Movie Review: Crazy Heart

There are some movie characters I really wish were real. Bad Blake is one of them.

“Crazy Heart” is a great movie propelled by an even greater performance by Jeff Bridges. Bridges plays Bad Blake. Bad Blake is an aging, chain-smoking, alcoholic country singer who’s seen better days.
Bad is long past his glory days and is now taking small gigs at bars and bowling allies. He doesn’t really have much a home, he just tours across the American West and does any show he can for money. Along the way, he gets interviewed by music journalist Jean (Maggie Gyllenhaal) and falls in love with her. The film shows Bad as deciding between two life paths: either rekindling his career, or recovering from his problems and settling down.
Bridges has been receiving the most praise for “Crazy Heart.” Obviously, I’m going to spend a large portion of this review talking about him. But before I get into that, lets talk about the film itself. The movie seems something like “The Wrestler” for the world of country music. However, the film amazingly manages to steer away from genre conventions. Just when you think it’s going to turn in one predictable direction, it steers away and goes somewhere you wouldn’t have expected. And there are certain events that occur that just have to occur. However, writer and director Scott Cooper makes them less much less contrived than they could’ve been.
I think two things that impressed me most about “Crazy Heart” are two things you’d never even notice: sound and set design. These two elements make the world “Crazy Heart” takes place in seem so real. When Bad plays in a bar, it sounds like he’s really playing a concert in a bar. Even every little detail, from the lights to the behavior of the audience when Bad plays at a bigger venue is pitch perfect. Were these shot at a studio, or on location? I’d rather not know, I’d rather just be sucked in by the magic of movies.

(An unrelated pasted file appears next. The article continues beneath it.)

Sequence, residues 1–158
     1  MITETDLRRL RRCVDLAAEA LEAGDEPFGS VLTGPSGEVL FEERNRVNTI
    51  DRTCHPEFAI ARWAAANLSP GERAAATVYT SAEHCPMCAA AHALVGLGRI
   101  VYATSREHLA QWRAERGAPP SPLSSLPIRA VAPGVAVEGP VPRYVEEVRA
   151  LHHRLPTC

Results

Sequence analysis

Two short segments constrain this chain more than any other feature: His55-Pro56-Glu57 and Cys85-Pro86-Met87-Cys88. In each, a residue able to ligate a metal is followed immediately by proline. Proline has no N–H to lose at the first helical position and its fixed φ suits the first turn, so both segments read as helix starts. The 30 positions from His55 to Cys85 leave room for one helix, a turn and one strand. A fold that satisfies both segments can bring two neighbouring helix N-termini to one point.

I also must commend Cooper for creating such engaging characters. Beyond Bad Blake, all of his friends, acquaintances, and lovers are equally compelling to watch.
But of course now is the reason you’ll likely see this movie: Jeff Bridges. Yes, it is one hell of a performance. Bridges takes a whiskey chugging burn out and turns him into someone you’ll actually like. Mainly, he makes the character seem so realistic through the smallest mannerisms. Most hilariously, he always opens his belt before he drives. Small details like this might seem insignificant, but they ultimately bring humanity to the character. In this case, a loosened belt shows Bad’s carefree attitude towards life.
Bad Blake is the role Bridges was born to play, and the role that will win him an Oscar. This is the most Dudesque performance Bridges has done in years. It’s a testament to how much “The Big Lebowski” has shaped Bridges career that the first scene of”Crazy Heart”‘ takes place in a bowling alley.
Truly, the best part of a good performance is how it makes you feel in relation to how the film is supposed to make you feel. No matter how emotionally cold Bad can be sometimes, there is still this level of warmness that is projected from his character at all times. We only get a very short glimpse of Bad’s 57 years on earth, but we get a fully realized understanding of Bad’s amiable personality and amazing ability to form relationships with pretty much any human being he meets.
At times, Cooper’s film feels sort of like a New Age Western, as Bad travels across the west staying in motel to motel doing what he can to make money. Not to mention, Bad perfectly embodies the reckless outlaw spirit.
“Crazy Heart” also contains what is likely the best original score of the year. The songs by T Bone Burnett bring extra layers of meaning to the film. The last song we see Bad write, a song that shares its name with the movie’s title, shows Bad’s true nature: no matter how much he changes, he’ll always be that same outlaw. He might go back to his old name, but he’ll still always be Bad Blake. And we wouldn’t have it any other way.